Does the default opEquals include padding in the comparison? If so, how can the problems that arise with C++ interoperabilty be solved?

Simon van Bernem simon.vanbernem at
Wed Oct 21 19:23:43 UTC 2020

I ask this question because I chased a very very nasty bug all 
the way down, and I think I found the offender:

I have a extern(C++) struct that contains an 8-byte integer 
followed by a 4-byte enum value. I came across two variables of 
that type, that are not equal by comparison (no opEquals 
defined), but when comparing their individual members, all of 
them are equal. If I inspect the values in the debugger, all 
members are also equal.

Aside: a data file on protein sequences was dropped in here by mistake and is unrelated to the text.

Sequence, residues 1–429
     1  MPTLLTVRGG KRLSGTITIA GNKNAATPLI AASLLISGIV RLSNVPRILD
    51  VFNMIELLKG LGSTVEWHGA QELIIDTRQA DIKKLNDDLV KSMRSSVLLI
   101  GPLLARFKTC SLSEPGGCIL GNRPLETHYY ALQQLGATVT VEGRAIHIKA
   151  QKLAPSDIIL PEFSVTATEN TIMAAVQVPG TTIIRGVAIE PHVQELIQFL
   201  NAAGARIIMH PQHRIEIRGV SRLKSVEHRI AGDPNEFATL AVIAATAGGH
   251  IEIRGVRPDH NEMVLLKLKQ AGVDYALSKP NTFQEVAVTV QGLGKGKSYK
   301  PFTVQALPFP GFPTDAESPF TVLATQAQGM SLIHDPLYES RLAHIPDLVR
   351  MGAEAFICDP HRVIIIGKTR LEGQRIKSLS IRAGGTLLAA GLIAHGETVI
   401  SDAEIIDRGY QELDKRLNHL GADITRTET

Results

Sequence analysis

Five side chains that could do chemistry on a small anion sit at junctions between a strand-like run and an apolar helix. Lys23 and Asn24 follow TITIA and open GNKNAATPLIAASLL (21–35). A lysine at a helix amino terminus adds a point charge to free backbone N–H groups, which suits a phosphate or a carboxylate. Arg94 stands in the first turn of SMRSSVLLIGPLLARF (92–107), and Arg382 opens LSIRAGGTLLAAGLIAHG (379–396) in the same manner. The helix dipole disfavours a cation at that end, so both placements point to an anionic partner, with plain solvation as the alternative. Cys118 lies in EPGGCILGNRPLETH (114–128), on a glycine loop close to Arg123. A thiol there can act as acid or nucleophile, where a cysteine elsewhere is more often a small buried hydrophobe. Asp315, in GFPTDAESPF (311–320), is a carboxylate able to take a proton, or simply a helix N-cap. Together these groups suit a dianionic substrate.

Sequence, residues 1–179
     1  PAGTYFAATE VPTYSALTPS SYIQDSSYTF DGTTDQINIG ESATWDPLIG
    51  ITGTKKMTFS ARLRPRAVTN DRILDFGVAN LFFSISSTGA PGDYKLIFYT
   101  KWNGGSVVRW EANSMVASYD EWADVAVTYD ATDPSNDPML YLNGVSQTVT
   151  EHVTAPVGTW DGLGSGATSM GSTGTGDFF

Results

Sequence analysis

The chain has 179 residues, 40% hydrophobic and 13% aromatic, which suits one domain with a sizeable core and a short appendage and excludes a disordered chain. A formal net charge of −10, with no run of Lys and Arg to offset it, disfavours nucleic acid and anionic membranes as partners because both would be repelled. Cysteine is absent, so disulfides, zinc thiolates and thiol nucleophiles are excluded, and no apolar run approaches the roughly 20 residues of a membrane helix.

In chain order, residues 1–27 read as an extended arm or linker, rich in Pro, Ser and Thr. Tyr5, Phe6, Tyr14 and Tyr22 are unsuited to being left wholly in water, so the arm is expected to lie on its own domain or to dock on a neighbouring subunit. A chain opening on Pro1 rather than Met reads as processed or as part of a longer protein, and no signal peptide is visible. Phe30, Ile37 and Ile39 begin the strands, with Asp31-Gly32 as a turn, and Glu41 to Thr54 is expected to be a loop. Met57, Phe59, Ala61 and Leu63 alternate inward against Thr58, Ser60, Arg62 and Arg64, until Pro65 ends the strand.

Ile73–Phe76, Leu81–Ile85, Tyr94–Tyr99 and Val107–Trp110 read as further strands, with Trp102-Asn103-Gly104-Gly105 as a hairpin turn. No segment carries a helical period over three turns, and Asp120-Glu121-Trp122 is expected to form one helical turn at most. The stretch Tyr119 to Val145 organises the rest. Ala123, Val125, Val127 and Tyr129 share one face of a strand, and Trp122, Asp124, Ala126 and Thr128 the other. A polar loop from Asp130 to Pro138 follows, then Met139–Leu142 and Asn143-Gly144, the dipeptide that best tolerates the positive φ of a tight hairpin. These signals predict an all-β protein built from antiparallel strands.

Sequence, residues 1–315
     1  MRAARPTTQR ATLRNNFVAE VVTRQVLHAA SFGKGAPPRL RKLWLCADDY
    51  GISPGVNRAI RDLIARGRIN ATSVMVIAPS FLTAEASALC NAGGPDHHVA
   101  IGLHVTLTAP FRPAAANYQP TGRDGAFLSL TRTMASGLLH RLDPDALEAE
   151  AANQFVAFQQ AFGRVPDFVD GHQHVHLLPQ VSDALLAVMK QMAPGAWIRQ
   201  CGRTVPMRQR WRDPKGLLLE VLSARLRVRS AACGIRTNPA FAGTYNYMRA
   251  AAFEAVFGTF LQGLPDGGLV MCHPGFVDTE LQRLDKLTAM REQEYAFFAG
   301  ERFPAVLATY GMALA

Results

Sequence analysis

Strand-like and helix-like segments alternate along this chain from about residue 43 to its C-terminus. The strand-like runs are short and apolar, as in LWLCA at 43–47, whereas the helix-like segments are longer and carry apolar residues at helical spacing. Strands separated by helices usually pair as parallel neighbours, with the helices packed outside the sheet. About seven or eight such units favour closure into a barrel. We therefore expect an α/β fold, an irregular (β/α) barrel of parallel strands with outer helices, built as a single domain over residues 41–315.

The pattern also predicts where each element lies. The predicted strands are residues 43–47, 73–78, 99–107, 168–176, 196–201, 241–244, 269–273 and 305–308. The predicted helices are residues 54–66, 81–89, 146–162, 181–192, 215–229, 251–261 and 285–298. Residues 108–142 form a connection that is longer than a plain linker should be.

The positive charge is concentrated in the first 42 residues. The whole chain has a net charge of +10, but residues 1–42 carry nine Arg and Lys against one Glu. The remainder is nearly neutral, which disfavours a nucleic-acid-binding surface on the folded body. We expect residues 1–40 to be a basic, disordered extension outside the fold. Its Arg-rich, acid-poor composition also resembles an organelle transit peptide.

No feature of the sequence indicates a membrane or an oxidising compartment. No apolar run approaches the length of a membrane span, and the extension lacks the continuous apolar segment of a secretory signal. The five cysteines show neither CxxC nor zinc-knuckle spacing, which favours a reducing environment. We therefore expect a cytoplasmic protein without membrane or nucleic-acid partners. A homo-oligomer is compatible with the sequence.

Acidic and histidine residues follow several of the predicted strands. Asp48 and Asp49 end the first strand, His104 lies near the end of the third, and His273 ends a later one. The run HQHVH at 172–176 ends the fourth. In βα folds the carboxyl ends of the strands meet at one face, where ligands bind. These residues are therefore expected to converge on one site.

Only the raw memory shows that there is a difference in the 
4-byte padding after the enum value. The value that originated 
from C++ has some bits set, while the one initialized in D code 
is all zeros. Garbage data in padding is allowed in C++, since 
the contents of padding is undefined behavior.

The only explanation I can think of is that D memcmps the entire 
struct including the padding. Is this correct?

If so, what can I do about this? Why doesn't the opEquals get 
modified appropriately even though the struct is extern(C++)? Can 
I tell D to only compare the non-padding parts? Or is there a 
msvc/clang compiler switch to tell them to initialize padding to 

I though about using memset 0 all over my C++ code, but that is 
very error prone, so I am now trying to get rid of all padding in 
interfacing structs (since there is a warning for that), but that 
also feels like a workaround, not like solution.

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